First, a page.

Home PageDyeingIndian Handwoven and Blockprinted Fabrics Do Talk You into Sewing

Mar 23

Indian Handwoven and Blockprinted Fabrics Do Talk You into Sewing

When I first touched the new Indian handwoven silk and blockprinted fabrics, I wanted to design something that would frame the beautiful scroll patterns and plaid-like weave of these natural-dyed prints.

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Small patchwork pieces of silk on an indigo background was my vision. And handstitching. I wanted to sew a table runner that featured sashiko-inspired decorative stitching. Simple. It would also be in keeping with the handwoven indigo hemp and organic cotton made by the Lao weavers of Ock Pop Tok.

Marilyn Murphy’s words in her recent blog on boro cloth inspired me: “ . . . I’m taken in by each tatter of an edge, by the unevenness of stitches, and the meandering of the thread . . .” –especially since I knew my stitches would definitely be uneven.

I started with

Because the hemp was only 14”wide, while the cotton was 28” wide, I laid the indigo hemp down the length of the cotton, with a larger margin of cotton on one side for some asymmetrical drama. Next, I laid the silk swatches on the fabric, moving them around until I found a layout I liked. (I took a photo so I wouldn’t forget the pattern, then set the swatches aside.)

I hemmed the ragged edges of the cotton by pressing both raw edges in ¼”,then again ½” and hemming with a blind stitch.

Table Runner: Hemming

Instead of hemming the indigo hemp to match the length of the cotton, I decided to have it overlap on top and bottom edges for some more “ragged beauty.”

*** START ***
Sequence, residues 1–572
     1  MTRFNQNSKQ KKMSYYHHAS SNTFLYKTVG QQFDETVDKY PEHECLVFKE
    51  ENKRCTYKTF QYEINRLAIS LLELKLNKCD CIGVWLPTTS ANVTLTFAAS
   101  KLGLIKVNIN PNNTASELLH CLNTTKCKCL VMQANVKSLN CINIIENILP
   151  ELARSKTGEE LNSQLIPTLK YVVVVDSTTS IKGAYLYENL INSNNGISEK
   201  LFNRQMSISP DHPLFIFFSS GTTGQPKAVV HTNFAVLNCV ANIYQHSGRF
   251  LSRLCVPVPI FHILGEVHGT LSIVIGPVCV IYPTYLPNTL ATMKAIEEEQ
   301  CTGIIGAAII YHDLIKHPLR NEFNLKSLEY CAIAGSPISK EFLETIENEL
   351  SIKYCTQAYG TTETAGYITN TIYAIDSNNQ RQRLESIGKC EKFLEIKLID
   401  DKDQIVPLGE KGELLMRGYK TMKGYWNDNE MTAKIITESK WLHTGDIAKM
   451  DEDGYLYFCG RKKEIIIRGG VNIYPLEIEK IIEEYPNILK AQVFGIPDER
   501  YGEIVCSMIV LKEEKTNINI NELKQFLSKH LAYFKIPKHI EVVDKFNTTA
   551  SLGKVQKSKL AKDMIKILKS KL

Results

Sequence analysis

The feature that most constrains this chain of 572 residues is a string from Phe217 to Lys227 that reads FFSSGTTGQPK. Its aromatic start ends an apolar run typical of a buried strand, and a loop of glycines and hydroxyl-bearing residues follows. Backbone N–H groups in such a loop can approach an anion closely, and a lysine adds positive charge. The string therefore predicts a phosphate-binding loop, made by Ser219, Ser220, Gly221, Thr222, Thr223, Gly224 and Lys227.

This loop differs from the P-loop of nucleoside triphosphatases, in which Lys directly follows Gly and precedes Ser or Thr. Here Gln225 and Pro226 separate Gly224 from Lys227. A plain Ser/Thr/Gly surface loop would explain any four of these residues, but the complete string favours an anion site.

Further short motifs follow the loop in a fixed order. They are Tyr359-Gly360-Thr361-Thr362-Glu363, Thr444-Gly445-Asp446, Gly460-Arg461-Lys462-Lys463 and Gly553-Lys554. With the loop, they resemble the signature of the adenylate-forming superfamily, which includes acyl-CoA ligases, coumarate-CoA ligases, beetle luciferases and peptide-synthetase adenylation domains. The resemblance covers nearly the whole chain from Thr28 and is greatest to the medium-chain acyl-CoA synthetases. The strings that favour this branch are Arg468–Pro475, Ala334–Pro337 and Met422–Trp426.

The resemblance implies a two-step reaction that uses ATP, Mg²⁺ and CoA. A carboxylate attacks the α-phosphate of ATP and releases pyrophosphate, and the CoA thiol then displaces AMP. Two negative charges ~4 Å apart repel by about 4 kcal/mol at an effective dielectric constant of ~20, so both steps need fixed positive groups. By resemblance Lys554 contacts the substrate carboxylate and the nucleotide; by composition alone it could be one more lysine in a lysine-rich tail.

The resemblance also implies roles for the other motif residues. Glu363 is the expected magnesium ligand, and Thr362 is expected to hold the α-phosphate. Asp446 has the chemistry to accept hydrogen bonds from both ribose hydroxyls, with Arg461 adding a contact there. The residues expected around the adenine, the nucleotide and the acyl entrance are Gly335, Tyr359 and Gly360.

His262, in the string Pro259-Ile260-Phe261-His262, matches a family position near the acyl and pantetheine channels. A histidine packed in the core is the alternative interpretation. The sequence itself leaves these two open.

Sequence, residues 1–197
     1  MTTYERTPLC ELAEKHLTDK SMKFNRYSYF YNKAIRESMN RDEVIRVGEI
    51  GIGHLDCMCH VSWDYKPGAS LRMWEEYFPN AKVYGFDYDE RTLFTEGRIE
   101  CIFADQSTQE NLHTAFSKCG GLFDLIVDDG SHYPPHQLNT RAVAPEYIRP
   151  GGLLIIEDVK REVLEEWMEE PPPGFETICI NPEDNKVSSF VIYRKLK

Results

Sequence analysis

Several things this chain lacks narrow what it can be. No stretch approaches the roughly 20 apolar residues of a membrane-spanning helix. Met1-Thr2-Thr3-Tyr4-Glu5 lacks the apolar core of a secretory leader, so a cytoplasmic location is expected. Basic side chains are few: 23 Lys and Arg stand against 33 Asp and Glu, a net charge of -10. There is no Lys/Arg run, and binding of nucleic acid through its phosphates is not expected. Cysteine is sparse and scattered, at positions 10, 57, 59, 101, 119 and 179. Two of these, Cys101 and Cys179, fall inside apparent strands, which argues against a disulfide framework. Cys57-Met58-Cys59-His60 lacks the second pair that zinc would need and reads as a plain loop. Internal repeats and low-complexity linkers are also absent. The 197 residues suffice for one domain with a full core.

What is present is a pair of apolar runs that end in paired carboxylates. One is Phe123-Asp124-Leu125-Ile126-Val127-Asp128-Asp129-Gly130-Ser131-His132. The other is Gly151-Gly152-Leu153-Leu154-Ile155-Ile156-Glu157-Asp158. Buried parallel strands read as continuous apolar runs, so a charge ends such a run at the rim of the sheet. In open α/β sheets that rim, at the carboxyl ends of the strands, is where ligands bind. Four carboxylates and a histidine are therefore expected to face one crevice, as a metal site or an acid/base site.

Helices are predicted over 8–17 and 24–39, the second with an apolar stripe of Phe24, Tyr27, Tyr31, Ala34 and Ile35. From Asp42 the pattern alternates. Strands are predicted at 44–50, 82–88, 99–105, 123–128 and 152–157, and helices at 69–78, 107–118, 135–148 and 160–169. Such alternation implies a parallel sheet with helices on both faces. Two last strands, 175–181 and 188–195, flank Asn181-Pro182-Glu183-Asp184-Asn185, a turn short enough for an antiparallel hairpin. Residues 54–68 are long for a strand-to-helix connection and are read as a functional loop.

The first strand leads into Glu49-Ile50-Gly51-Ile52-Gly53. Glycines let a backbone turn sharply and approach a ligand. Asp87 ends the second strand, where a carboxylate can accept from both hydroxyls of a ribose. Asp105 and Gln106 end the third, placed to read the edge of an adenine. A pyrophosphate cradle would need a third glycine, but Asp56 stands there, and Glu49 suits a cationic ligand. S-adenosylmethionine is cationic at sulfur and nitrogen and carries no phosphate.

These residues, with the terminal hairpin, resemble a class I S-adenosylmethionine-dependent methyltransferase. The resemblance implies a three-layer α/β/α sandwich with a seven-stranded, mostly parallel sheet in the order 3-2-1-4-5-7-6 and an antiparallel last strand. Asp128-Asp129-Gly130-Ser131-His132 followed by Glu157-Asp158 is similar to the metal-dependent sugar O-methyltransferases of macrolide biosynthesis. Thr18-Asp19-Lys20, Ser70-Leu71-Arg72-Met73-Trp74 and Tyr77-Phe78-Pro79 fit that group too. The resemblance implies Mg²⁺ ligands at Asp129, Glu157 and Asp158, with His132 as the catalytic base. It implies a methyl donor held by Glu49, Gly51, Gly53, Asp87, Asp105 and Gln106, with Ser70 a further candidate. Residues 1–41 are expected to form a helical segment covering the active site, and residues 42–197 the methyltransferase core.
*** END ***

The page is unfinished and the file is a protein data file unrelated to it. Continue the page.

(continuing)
Table Runner: Making Fringe

Also I liked the fringe created by the raveling on one ragged edge and pulled the weft threads on the other edge to match.

Since the sashiko stitching would be on the indigo. I cut a piece of natural lightweight linen as backing for the hemp, ironing its edges inward ¼” and pinning it in place on the hemp.

Table Runner: Pinned Lining

Using cream-colored thread, I stitched 10 lengthwise rows of a running stitch (the staple of sashiko) along one selvedge edge to make a simple border on one side of the indigo.  (Be sure to leave about ¾” next to the selvedge stitch-free.)

I attached the indigo piece to the cotton with the same running stitch. First, I stitched 4 rows parallel to the existing stitches with colored threads (orange and rust). Then I stitched a single row of running stitches across one width edge and the remaining lengthwise. Last, I stitched 2 rows along the remaining width edge.

Last touch—review the layout image I snapped earlier. Then roll the edges of each piece and stitch to prevent fraying. Attach each piece according to the layout, with a couple of rows of running stitches inside the stitched edges.

Table Runner: Almost Done

I fiddled slightly with the layout during this stage and adjusted for the fact that the hemmed silk pieces were now smaller from being stitched.

Perhaps this table runner wants to become a wall hanging. I’ll have to listen to what the fabric tells me next! All I know is that these beautiful India silks will talk you into something.

Table Runner Finished: Perhaps this table runner wants to become a wall hanging.  All I know is that these beautiful India silks will talk you into something.

 ClothRoads welcomes Marlene Blessing to our list of bloggers. She is the former editorial director of Interweave’s beading magazines and book division. She is a frequent contributor to STITCH magazine and a lifelong sewist and fabric junkie.

 

 

 

 

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